Two mistakes


Simply justifying the arbitrary perspective matters:
Participants in the debate are given “marks” (yes, this system is everywhere) and a good weightage is imposed on justifying or proving the perspective (for/against) with arguments for the same. Apart from falling into a few common logical fallacies, it all just neatly needs to fit to prove the stance. But being a truth seeker is way more important than being a persuader for the long-term progress and well-being for society. A persuader can’t hide the truth for long. Weightage (if there even should be a system as such for finding out the truth—hint: there shouldn’t) should be stressed on how well a participant reasons to find out what actually is the case instead of on the participants’ capacity of using arguments to please their arbitrary perspective. Truth is not a for/against discussion.


Speaking well matters more than the truth:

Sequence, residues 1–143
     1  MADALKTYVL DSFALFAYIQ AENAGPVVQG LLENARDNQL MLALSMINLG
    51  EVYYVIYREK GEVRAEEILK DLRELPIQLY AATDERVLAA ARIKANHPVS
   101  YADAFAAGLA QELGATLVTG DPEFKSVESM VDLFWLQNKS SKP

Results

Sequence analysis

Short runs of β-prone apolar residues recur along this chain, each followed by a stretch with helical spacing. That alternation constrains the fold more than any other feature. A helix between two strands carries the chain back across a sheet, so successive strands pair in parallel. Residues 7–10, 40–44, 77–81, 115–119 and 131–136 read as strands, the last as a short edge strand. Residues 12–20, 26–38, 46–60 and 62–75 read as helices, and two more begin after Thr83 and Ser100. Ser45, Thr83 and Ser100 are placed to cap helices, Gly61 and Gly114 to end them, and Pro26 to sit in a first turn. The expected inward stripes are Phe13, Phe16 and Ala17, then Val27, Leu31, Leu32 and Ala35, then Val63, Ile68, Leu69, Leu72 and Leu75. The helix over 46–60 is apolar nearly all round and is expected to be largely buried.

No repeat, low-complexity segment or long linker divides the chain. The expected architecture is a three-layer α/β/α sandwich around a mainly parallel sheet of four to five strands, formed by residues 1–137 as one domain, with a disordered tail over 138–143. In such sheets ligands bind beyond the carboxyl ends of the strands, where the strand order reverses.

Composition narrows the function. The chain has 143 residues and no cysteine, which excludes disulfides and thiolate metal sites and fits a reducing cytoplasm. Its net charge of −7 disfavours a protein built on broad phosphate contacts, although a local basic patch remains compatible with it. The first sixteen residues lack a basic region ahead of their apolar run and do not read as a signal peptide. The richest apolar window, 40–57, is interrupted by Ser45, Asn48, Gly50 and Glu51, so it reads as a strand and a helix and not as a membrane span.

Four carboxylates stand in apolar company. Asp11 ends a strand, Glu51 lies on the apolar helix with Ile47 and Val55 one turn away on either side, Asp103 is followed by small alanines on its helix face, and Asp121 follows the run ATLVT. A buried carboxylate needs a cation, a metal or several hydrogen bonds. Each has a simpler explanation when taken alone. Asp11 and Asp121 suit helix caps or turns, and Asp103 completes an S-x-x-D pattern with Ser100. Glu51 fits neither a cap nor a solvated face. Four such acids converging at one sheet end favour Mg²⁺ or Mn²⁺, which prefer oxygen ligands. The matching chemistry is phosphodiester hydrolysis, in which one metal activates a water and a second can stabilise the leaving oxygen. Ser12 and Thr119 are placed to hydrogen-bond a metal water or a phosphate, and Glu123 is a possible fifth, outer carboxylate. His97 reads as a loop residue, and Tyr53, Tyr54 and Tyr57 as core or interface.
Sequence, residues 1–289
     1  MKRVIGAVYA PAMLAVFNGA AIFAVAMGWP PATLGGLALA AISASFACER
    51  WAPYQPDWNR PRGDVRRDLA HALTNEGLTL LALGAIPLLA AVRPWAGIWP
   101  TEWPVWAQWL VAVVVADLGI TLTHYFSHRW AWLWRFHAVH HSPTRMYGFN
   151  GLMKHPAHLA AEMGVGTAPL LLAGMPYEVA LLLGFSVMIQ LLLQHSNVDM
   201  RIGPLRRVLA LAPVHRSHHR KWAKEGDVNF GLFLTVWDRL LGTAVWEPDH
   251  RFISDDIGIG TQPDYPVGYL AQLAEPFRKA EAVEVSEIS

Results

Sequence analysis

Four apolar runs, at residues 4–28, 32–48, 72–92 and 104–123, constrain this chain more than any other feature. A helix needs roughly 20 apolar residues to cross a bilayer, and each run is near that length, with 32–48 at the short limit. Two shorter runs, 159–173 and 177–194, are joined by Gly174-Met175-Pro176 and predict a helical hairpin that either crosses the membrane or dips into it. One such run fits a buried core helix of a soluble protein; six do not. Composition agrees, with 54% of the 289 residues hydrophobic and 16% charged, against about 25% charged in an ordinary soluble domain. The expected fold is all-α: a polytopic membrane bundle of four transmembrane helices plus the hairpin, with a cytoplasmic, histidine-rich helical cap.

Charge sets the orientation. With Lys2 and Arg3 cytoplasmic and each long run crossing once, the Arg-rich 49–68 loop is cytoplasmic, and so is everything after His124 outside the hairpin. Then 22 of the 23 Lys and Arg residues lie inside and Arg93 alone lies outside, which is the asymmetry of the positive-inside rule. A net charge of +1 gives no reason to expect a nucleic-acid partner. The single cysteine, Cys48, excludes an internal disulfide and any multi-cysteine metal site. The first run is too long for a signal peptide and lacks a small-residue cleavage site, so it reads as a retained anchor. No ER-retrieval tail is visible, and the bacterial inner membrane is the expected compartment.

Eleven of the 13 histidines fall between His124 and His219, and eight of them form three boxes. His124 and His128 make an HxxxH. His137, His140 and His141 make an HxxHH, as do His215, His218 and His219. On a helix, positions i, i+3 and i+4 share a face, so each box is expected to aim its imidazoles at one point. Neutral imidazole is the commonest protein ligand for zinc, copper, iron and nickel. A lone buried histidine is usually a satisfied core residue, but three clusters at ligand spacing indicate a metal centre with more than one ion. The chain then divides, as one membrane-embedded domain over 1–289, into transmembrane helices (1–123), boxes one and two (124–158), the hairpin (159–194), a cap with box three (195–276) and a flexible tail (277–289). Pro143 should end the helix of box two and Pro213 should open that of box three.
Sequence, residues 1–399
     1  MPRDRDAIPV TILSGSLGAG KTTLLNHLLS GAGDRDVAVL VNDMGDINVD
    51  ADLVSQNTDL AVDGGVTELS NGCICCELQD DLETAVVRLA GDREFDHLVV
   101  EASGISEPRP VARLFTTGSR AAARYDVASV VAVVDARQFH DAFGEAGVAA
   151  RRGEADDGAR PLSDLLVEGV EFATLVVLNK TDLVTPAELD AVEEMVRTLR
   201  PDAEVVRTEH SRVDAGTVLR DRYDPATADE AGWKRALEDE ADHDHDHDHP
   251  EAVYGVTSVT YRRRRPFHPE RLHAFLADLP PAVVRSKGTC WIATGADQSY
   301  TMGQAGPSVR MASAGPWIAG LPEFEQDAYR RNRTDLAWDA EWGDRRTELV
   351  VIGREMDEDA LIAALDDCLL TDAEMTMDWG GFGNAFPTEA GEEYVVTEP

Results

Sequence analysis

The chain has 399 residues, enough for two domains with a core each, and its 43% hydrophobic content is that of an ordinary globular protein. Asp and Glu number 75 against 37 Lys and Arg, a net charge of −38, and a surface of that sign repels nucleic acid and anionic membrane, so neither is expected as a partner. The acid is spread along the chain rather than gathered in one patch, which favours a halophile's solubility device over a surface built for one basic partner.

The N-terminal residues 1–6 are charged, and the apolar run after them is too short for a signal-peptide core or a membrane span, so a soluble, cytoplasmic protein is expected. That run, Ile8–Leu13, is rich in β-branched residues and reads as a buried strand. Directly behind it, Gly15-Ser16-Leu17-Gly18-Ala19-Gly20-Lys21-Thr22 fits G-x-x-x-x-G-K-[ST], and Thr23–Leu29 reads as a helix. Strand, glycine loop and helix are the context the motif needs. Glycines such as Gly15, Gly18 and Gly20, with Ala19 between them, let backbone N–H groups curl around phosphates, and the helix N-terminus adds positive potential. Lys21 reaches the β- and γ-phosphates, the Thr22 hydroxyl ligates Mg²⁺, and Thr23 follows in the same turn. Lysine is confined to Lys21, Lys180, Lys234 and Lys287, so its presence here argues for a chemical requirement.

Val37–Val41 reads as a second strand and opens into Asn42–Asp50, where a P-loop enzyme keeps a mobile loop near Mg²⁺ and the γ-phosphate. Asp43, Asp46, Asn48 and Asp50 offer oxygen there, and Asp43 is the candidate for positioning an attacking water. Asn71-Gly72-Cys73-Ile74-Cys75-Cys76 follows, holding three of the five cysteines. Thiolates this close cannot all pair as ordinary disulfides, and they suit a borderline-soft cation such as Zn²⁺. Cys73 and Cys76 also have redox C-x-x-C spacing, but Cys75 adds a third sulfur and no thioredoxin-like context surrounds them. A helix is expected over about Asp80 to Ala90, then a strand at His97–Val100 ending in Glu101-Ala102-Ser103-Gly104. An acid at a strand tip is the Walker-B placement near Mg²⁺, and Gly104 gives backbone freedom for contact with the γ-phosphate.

Speaking of the criteria of marks given, a huge chunk is reserved for how well a participant speaks out there in front of their “respected opponents” and the crowd sitting in the audience. Sure, public speaking is important. But some aren’t so good at it. So the “competition” is already reserved for people who are confident speakers. But confident speakers can be faulty reasoners. And even though explicating knowledge is important, some can be better at doing so in other forms. Like through written (or typed out-) words or other art forms, rather than plain-old speaking. Apart from this, speaking confidently while all other things being seemingly more or less coherent is “all they look for”. Maybe it’s that wannabe confident speaker feeling that makes the person become a little arrogant—though that’s just my guess. Speaking is not that important as school debates make them to be relative to the truth.